The Vision Spark

Negotiation Skills

Negotiation is something that we do all the time and is not only used for business purposes. For example, we use it in our social lives perhaps for deciding a time to meet, or where to go on a rainy day.
Negotiation is usually considered as a compromise to settle an argument or issue to benefit ourselves as much as possible.
Communication is always the link that will be used to negotiate the issue/argument whether it is face-to-face, on the telephone or in writing. Remember, negotiation is not always between two people: it can involve several members from two parties.
There are many reasons why you may want to negotiate and there are several ways to approach it. The following is a few things that you may want to consider.
Why Negotiate?
If your reason for negotiation is seen as ‘beating’ the opposition, it is known as ‘Distributive negotiation’. This way, you must be prepared to use persuasive tactics and you may not end up with maximum benefit. This is because your agreement is not being directed to a certain compromise and both parties are looking for a different outcome.
Should you feel your negotiation is much more ‘friendly’ with both parties aiming to reach agreement, it is known as ‘Integrative negotiation’. This way usually brings an outcome where you will both benefit highly.
Negotiation, in a business context, can be used for selling, purchasing, staff (e.g. contracts), borrowing (e.g. loans) and transactions, along with anything else that you feel are applicable for your business.
Planning and How to Negotiate
Before you decide to negotiate, it is a good idea to prepare. What is it exactly that you want to negotiate? Set out your objectives (e.g. I want more time to pay off the loan). You have to take into account how it will benefit the other party by offering some sort of reward or incentive (explained later).
What is involved (money, sales, time, conditions, discounts, terms, etc)? Know your extremes: how much extra can you afford to give to settle an agreement? Although you are not aiming to give out the maximum, it is worth knowing so that you will not go out of your limits.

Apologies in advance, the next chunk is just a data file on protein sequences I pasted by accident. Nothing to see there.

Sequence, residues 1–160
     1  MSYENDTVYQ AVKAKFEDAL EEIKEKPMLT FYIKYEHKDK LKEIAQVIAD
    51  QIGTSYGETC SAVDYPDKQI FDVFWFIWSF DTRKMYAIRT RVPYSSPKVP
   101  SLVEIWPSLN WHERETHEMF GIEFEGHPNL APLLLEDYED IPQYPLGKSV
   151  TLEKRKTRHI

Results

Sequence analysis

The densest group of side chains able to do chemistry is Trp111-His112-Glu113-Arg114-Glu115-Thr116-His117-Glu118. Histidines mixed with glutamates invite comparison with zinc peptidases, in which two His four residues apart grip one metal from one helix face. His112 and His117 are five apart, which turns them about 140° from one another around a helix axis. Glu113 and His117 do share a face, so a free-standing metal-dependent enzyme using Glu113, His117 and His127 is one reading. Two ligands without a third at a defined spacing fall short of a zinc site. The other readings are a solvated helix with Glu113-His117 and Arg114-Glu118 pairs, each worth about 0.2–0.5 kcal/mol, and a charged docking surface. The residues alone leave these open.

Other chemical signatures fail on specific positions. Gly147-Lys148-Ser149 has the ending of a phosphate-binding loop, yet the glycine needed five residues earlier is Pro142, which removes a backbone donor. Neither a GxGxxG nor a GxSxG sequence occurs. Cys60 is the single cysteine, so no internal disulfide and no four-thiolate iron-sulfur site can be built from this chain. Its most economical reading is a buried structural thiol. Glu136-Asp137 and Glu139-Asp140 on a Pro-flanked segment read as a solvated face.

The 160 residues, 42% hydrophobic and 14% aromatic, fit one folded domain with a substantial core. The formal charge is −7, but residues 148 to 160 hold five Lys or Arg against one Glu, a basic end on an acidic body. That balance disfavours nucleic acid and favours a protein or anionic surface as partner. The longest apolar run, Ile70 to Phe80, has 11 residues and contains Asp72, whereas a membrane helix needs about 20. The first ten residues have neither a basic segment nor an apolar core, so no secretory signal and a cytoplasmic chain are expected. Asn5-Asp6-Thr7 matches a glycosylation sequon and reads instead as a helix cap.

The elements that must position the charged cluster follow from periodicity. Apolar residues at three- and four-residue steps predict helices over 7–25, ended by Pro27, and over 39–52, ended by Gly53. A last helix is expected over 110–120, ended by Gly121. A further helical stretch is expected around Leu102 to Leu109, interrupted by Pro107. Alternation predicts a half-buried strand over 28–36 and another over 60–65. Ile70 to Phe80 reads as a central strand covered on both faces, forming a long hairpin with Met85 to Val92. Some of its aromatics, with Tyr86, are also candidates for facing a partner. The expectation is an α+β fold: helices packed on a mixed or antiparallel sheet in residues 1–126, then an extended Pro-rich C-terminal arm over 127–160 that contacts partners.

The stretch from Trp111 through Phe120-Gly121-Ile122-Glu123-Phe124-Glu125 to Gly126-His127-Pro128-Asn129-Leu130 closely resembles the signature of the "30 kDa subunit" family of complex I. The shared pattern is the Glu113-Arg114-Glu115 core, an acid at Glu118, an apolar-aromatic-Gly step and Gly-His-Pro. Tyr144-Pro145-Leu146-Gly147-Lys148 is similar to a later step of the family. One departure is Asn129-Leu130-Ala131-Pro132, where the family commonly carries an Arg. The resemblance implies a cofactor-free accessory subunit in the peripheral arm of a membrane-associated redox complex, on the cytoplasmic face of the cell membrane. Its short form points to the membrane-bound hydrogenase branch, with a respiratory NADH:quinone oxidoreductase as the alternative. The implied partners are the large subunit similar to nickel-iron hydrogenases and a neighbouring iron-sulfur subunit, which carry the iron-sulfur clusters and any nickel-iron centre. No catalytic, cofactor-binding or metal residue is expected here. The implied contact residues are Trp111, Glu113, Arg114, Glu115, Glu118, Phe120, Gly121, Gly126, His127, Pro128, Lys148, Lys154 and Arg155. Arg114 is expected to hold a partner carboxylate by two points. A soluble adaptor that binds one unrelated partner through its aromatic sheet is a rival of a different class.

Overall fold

Know what your opposition is trying to achieve by their negotiation. This is useful information that could be used to your benefit and may well be used to reach a final agreement.
Consider what is valuable to your business, not the costs. You may end up losing something in the negotiation that is more valuable to your business than money. It could be a reliable client or your company reputation.
It is important that you approach the other party directly to make an appointment to negotiate should it be in person, writing or by phone (not through a phone operator, receptionist, assistant etc) as this will allow you to set the agenda in advance, and improve the prospects of the other party preparing sufficiently enough to make a decision on the day. Try to be fairly open about your reason for contact or they may lose interest instantly and not follow up on the appointment. Save all your comments for the actual appointment- don’t give away anything that will give them a chance to prepare too thoroughly: it’s not war, but it is business!